Via PanAm, as Van Reeth and Vandermolen call their project, is named after the legendary Pan-American Highway, a network of roads that connects North and South America. The Pan-American Highway starts in Alaska and stretches as far as Ushuaia, the most southern city on the American continent. Opinions differ about the total length of the road; estimates vary from 15,500 to 31,000 miles… and longer. The Belgians calculated a route of 15,500 miles along the west coast, good for 590 marathons – or two years of running. “The places we traverse are very diverse,” says Sebastiaan Vandermolen. “Sometimes we run in silent deserts, through dense forests or on endless trails, but we also run a lot on highways, fighting duels with busy traffic. Those highways can be very dangerous. In Baja California, we had the luck of the devil. During one of our last marathons on the Mexican peninsula we had a car accident. In a curvy zone we marked as ‘very dangerous’ on our map, a Mexican drove into our vehicle that was behind the runner. He raced at high speed through a sharp curve without noticing all the flickering lights of our Via PanAm camper. At the very last moment, he saw us, reacted – frightened – and pulled his steering wheel to overtake us. However, a big truck was coming down the hill at full speed in the opposite direction. In a flash the man chose between life and death…and drove straight into us. His car slid underneath ours; the truck slammed on its brakes. We could smell the sweat and fear of the driver. It was a close shave. On pure adrenaline, Weking ran his marathon in less than three hours that day. The first and only time we did so.”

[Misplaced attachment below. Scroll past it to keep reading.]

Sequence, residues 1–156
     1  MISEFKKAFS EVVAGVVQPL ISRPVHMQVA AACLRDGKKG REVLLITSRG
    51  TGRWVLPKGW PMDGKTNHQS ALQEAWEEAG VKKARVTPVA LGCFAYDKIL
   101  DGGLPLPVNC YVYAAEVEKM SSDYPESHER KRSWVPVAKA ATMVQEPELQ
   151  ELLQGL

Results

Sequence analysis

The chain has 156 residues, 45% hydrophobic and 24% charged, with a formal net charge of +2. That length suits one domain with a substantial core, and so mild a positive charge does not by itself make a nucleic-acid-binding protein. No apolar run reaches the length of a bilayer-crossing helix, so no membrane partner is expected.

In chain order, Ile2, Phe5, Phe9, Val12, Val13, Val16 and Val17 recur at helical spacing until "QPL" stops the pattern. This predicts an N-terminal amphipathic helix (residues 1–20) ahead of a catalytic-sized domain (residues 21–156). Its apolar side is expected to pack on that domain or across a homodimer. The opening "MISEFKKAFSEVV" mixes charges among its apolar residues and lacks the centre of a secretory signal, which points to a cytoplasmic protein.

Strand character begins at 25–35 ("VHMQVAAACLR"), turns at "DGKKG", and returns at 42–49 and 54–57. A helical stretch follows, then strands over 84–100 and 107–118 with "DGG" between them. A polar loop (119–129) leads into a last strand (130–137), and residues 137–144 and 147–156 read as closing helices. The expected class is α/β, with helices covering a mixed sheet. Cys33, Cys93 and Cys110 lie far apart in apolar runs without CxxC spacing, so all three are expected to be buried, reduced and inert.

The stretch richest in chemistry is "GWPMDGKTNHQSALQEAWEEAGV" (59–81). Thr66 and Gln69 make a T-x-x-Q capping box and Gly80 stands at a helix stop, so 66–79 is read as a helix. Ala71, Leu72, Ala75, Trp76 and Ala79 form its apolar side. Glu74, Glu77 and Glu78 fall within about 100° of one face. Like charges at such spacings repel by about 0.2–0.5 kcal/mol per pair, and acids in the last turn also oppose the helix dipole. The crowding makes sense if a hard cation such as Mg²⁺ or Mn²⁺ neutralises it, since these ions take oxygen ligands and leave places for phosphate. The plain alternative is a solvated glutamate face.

From Alaska to Panama City, the duo has passed many beautiful places. The adventure is a series of postcard views, a series of memorable moments. However, their verdict on the most memorable sight so far is unanimous: “Olympic National Park.” Van Reeth says: “We had the brilliant idea to cross the park together in one go: about 60 miles with two challenging mountain passes in between. It was a trip most hikers do in three days, but we were confident we could to do it in one. At the crack of dawn we started, having packed lightly, with just enough food for a 12-hour run. But after the first mountain pass we realised it would take us much longer. We were slow, constantly had to search for the trail and all the while time was ticking away. In the end we ran in the dark for a long time. After 20 hours of running, we saw our wives on the other side of the park. The four of us were almost crying with happiness. It felt pretty scary to run in a pitch-black forest with all the wild animals coming to the trails at nightfall.”